A Pilot Study Validating Select Research-Grade and Consumer-Based Wearables Throughout a Range of Dynamic Exercise Intensities in Persons With and Without Type 1 Diabetes: A Novel Approach

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The increasing popularity of wearable technology necessitates the evaluation of their accuracy to differentiate physical activity (PA) intensities. These devices may play an integral role in customizing PA interventions for primary prevention and secondary management of chronic diseases. For example, in persons with type 1 diabetes (T1D), PA greatly affects glucose concentrations depending on the intensity, mode (ie, aerobic, anaerobic, mixed), and duration. This variability in glucose responses underscores the importance of implementing dependable wearable technology in emerging avenues such as artificial pancreas systems.


Participants completed three 40-minute, dynamic non-steady-state exercise sessions, while outfitted with multiple research (Fitmate, Metria, Bioharness) and consumer (Garmin, Fitbit) grade wearables. The data were extracted according to the devices’ maximum sensitivity (eg, breath by breath, beat to beat, or minute time stamps) and averaged into minute-by-minute data. The variables of interest, heart rate (HR), breathing frequency, and energy expenditure (EE), were compared to validated criterion measures.


Compared to deriving EE by laboratory indirect calorimetry standard, the Metria activity patch overestimates EE during light-to-moderate PA intensities (L-MI) and moderate-to-vigorous PA intensities (M-VI) (mean ± SD) (0.28 ± 1.62 kilocalories· minute-1, P < .001, 0.64 ± 1.65 kilocalories· minute-1, P < .001, respectively). The Metria underestimates EE during vigorous-to-maximal PA intensity (V-MI) (–1.78 ± 2.77 kilocalories · minute-1, P < .001). Similarly, compared to Polar HR monitor, the Bioharness underestimates HR at L-MI (–1 ± 8 bpm, P < .001) and M-VI (5 ± 11 bpm, P < .001), respectively. A significant difference in EE was observed for the Garmin device, compared to the Fitmate (P < .001) during continuous L-MI activity.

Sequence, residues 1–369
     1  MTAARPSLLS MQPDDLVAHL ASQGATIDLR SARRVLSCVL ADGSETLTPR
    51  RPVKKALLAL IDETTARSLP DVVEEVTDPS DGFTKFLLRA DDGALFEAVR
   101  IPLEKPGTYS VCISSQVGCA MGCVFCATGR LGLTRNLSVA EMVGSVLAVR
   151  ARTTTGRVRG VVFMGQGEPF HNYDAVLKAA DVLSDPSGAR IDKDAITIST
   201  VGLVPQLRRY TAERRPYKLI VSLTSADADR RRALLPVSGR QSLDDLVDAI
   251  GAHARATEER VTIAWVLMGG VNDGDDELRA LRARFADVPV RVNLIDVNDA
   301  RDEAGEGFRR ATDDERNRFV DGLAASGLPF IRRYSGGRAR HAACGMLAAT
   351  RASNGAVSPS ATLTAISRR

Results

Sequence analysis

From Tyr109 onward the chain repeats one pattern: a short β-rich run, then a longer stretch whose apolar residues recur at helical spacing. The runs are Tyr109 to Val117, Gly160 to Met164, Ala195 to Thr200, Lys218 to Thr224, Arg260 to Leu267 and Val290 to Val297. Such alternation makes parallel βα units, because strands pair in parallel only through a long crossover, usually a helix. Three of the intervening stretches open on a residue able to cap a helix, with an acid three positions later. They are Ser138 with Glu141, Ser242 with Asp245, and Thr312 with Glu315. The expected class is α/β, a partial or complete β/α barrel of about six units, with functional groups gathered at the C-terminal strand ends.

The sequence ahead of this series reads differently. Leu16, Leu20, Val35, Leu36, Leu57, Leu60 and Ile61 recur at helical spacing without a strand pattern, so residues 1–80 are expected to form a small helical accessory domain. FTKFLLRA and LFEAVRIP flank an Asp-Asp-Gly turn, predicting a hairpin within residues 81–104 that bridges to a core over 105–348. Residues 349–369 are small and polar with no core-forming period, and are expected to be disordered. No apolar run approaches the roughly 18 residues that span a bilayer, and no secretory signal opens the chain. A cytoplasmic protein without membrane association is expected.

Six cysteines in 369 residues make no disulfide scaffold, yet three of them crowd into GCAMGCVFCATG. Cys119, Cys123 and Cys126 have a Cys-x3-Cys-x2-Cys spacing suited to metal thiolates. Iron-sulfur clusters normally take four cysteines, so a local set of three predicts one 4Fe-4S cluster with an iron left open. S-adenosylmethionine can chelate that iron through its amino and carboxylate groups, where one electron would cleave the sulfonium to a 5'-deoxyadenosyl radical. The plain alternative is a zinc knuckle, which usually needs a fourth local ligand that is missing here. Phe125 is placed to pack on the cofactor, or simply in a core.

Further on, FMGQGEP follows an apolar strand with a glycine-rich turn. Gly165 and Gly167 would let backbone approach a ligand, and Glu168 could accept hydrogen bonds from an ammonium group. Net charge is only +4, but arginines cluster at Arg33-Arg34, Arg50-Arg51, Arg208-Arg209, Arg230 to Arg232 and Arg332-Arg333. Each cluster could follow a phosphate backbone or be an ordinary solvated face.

Overall, our study demonstrates that current research-grade wearable technologies operate within a ~10% error for both HR and EE during a wide range of dynamic exercise intensities. This level of accuracy for emerging research-grade instruments is considered both clinically and practically acceptable for research-based or consumer use. In conclusion, research-grade wearable technology that uses EE kilocalories · minute-1 and HR reliably differentiates PA intensities.

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